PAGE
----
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45

Mode 7 is a very simple effect. It projects a 2D x/y texture (or tiles) to some floor/ceiling. Old SNES use hardware to do this, but modern computers are so powerful that you can do this realtime (and no need of ASM as you mention). Basic 3D math formula to project a 3D point (x, y, z) to a 2D point (x, y) is : x' = x / z; y' = y / z; When you think ...


42

tl;dr don't mix your event loop with your game loop. When you move your mouse, the game receives a load of pygame.MOUSEMOTION events. You don't actually use these events to update your mouse position though, you are getting the current state of the mouse using pygame.mouse.get_pos(). That's inefficient, but it's not the problem. The problem is you are ...


11

Conceptually you've got it, just think of the rectangle as a helper for you to deal with position and collision detection of your image. To implement it you could use: mySprite.image = pygame.transform.rotate(Surface, angle) This will give you a rotated Surface (image), then you can use: mySprite.rect = mySprite.image.get_rect() To give you your new ...


9

Your problem is the fact that you're only looking at KEYDOWN events. What you need to do is toggle a boolean value when a key is pressed or released. Something like this would work: # event loop for event in pygame.event.get(): if event.type == pygame.QUIT: sys.exit() elif event.type == pygame.KEYDOWN: # check for key ...


9

If I understand right, your map stores whether something is dirt or air, and the simplest thing would be to have dirt and air tiles. However, to make things look better, you have separate images for air above dirt, dirt above air, dirt left of air, and so on. So you're trying to figure out which image to use, given a tile and its neighbors. Is that right? ...


8

Back in January, 2011, I looked at five GUI toolkits for pygame, and tried to get all of them working with Python 3. The five were: Albow, GooeyPy, PGU, pqGUI, and sgc. I didn't succeed with GooeyPy, but I did get the other four to work with Python 3. (I wanted to also try poutine, by Shandy Brown, but I couldn't find it, and I entirely overlooked Ocemp.) ...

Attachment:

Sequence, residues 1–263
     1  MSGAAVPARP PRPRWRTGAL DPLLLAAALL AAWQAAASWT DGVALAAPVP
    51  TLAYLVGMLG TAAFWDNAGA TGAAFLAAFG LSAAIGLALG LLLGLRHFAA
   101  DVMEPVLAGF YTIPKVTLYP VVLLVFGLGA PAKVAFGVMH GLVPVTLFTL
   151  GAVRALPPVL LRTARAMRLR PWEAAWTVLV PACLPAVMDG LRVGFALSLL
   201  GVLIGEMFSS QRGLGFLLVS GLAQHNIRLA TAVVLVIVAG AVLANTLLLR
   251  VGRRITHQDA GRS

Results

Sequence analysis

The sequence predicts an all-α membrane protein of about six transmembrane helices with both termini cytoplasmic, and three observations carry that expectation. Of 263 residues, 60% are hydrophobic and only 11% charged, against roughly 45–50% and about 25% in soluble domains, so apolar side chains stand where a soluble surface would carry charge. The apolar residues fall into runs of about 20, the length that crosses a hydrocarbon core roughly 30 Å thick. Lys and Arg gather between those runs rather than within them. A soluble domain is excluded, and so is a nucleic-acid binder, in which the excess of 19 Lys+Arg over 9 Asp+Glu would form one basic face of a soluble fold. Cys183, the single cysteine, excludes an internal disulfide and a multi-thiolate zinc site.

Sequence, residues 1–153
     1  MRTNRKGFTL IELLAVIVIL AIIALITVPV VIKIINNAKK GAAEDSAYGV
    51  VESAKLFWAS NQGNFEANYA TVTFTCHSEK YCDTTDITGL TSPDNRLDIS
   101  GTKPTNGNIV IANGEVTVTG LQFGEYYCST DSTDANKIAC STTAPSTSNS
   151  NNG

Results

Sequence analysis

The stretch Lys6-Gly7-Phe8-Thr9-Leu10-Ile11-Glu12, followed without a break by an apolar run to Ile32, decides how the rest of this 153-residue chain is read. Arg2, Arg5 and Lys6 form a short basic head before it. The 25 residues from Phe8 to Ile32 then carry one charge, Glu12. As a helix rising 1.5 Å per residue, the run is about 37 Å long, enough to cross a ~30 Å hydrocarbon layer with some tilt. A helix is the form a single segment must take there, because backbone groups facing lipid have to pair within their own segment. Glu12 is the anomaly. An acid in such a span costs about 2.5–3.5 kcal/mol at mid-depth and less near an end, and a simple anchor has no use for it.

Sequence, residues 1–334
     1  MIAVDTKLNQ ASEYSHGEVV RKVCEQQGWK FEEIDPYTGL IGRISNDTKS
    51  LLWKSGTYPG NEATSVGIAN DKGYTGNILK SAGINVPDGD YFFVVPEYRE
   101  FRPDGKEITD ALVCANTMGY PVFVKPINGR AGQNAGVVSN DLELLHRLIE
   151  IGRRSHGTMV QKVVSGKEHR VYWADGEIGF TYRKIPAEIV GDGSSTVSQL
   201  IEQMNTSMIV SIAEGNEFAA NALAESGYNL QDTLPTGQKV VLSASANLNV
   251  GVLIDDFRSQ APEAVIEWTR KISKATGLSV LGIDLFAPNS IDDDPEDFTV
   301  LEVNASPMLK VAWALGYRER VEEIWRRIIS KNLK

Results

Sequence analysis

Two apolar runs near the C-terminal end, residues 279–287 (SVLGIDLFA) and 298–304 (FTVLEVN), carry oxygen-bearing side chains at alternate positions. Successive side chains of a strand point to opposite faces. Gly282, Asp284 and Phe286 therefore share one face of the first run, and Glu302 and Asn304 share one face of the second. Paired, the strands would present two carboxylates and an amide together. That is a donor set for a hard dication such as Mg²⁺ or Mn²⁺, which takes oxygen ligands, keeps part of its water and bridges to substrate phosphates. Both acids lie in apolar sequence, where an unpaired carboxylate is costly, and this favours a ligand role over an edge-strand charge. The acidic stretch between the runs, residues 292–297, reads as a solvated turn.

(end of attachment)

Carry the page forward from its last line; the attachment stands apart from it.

8

convert() is used to convert the pygame.Surface to the same pixel format as the one you use for final display, the same one created from pygame.display.set_mode(). If you don't call it, then every time you blit a surface to your display surface, a pixel conversion will be needed - this is a per pixel operation, very slow - instead of a series of memory ...


7

If you read the pygame.time.Clock.tick() and pygame.time.Clock.get_fps() documents, you'll find that: tick() works with milliseconds - it returns the number of milliseconds since the last call get_fps() returns an average of the last 10 calls to tick(). If you do the math, that's pretty damn good that you're getting 59.8 most of the time, since with 60 FPS ...


6

Just separate the events from the drawing. The normal method is to redraw all the time, not to wait for something to change. Normally your loop should be like this: while loop: check events: # find routes, block path, whatever update things: # change the state of the game draw() You shouldn't be thinking in terms of drawing one ...


6

It's only randomized the first time because you're only calling the random function one time (when you create the monster object). When you have ma=random.randmint(5, 20) in your class then you are creating that variable with a random amount at that time, but you are not altering it. In order to get a random value every time you need to reset the value every ...


6

In a game, music would be the a way to play background music and sound the way to play sound effects (ej. jumping, firing, etc). Music is a special streaming channel of the Mixer. This means the file is streamed from disk in small chuncks and not loaded at once. Pygame only supports one Music at a time but you can have several Sound objects playing at once,...


6

You can use the size method size() size(text) -> (width, height) Returns the dimensions needed to render the text. This can be used to help determine the positioning needed for text before it isrendered. It can also be used for wordwrapping and other layout effects. Here is an example myFont = pygame.font.Font(None, fontSize) width = myFont....


6

You could look at Skulpt.org which provides a completely brower-based implementation of PyGame. However I do not know what external APIs PyGame uses and which are supported by Skulpt. Edit: it seems Skulpt also has WebGL bindings so this should be very possible!


6

Use a file format that supports alpha (png), an editor that can save it with a transparent background (gimp2, photoshop, basically not paint) and make sure you load the sprite correctly


5